To Webcast or Webinar for Remore Learning and CPD?

Audience: Teachers and Leaders

Our short guide explains what live streaming is; the opportunities and how to use it. This page provides an overview of the technology and is aimed at teachers and leaders considering using it. Whilst there are no expectations for you to do so, if you do decide to use audio and video for real-time online teaching or CPD, we recommend you read this excellent 'Safe Remote Learning Guide'  from SWGfL which outlines some things you might want to consider to help safeguard staff, students and the wider community.

Ever since live webcast (livestreaming) and webinar services were developed, both services have become very popular for business or social events that are based in real time. It is very common that people will confuse between a live webcast and webinar service.

This is due to the fact that a live webcast and webinar have similar functions and purpose. But experts in the video industry will disagree as there are still some key differences between a live webcast and webinar service and we hope that this page will explain what and how webcast and webinars work.

In layman terms, webcast services are often used for events which are broadcast by one host to many viewers whereas webinars are broadcast by a presenter to a small number viewers supporting engagement and a level of control with the participants. In technical terms, both webcast and webinar services are broadcast via the Internet and accessed by a single URL on any video/audio device which is either in live mode or on demand. 

Live streaming refers to the broadcasting of live video to an audience in real time, similar to live television. Live streams can also occur in private one-on-one chats, which cannot be viewed by others.

When it comes to practical use, live webcast services are mainly used in corporate or entertainment events with the purpose to educate and deliver information to a large group of invited attendees online whereas webinars are commonly used for interactive or collaborative events that demand active engagement, interaction or participation between the presenter and attendees. Examples will be seminars, leadership talks, and motivational speech events.

To summarise, there are many similarities in terms of technology for live webcast and webinar services but the difference begins with the agenda of the event  - this will determine whether the event is a delivered as a webinar or Webcast. 

Should I Webcast or Webinar?

When planning an event, you'll need to consider what you wish to achieve? Are you simply using it to communicate/broadcast a message or do you need a level of interactivity? What's the group size?  What's the desired outcome of using the technology?

The following table will help you to determine the type of technology you will need to use depending on need.



Some Practical Considerations when Considering Livestreaming an Event

Does my setup meet the technical requirements to reliably livestream?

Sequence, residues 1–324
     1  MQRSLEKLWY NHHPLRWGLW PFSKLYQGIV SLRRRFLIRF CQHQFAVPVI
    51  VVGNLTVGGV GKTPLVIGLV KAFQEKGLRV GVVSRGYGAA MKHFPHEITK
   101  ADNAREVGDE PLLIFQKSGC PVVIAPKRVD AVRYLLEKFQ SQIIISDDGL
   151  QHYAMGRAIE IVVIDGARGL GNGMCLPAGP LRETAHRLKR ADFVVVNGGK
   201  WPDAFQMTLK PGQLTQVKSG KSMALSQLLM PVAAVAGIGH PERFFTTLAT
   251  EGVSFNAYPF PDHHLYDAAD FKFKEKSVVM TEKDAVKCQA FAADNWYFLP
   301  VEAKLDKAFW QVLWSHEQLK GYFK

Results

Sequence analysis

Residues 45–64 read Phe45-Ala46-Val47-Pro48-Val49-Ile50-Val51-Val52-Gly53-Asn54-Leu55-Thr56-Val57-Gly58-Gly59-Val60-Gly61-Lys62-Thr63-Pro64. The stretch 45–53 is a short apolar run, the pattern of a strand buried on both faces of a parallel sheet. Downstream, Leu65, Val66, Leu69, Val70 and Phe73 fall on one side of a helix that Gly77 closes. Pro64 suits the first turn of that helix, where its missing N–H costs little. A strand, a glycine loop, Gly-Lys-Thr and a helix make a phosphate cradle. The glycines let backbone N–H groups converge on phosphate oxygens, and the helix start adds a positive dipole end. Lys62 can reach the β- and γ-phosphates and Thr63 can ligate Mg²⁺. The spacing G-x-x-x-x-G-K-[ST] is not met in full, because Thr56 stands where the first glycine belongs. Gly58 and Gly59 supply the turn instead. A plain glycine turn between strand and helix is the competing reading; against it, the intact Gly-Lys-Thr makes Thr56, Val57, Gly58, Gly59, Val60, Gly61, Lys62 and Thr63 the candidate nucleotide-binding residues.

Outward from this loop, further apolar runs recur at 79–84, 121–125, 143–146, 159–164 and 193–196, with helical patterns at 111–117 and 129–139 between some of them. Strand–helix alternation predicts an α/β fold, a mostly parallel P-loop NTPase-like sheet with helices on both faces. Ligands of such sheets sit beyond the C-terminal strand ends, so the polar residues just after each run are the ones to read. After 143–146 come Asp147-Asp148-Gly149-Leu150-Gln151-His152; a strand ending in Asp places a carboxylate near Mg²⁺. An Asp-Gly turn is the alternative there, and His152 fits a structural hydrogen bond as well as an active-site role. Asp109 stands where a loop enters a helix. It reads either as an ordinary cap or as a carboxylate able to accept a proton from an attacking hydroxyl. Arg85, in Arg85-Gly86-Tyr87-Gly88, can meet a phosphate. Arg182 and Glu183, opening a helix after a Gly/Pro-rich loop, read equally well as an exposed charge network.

Do I have a suitable environment to broadcast from? 

Do consider the terms of service together with privacy policies and in particular if there are any minimum age requirements of the chosen service.

Consider if the system includes online chat feature, and if this can be moderated.

Consider Privacy settings before posting – (e.g. YouTube has a variety of settings (Public, Unlisted, Private, Comments Allowed/Not Allowed) that will determine who can see and comment on the video).

If messaging services are used by staff, e.g. WhatsApp, be mindful of professional standards.

If it's a Broadcast platform - How do I interact with viewers? 

In YouTube, Live chat is enabled by default and will appear to the right of the video player when your live stream is active. Users will require a Google account in order to be able to engage with Chat (this of course places an overhead of viewers to login in or create an account)

After your live stream ends, viewers will see a replay of live chat when they watch the stream archive. The live chat module only exists on YouTube watch pages – it does not follow embedded players. 

Note: Live chat is not available if your channel or live stream’s audience is set for children.

Alternatives to YouTube Chat for Capturing Questions during your Livestream 

You may wish to use a sevice such as Padlet for collecting viewer questions or feedback during a livestream or webinar. 

You can use YouTube to stream your event and Padlet to collect questions (Padlet offers a free service and does not require users to log into post)

Use an associate to manage this whilst you're presenting. 


Webcasting (Livestreaming) an Event

The following workflow outlines how to enable live streaming on YouTube (you may also wish to explore FaceBook Live)

If you don't have a Google Account - Sign Up and create one.

Live streaming is disabled on new YouTube channels by default.

Here’s how to enable it:

To be eligible to livestream your event, your YouTube account must be verified (via phone call or SMS) and in good standing – meaning you haven’t breached community or copyright guidelines. You can check this in the ‘Status and Features’ section of your YouTube channel.

Verify your YouTube account. It’s a simple process.

  • Go to YouTube and log into yor account (using your Google Account Details)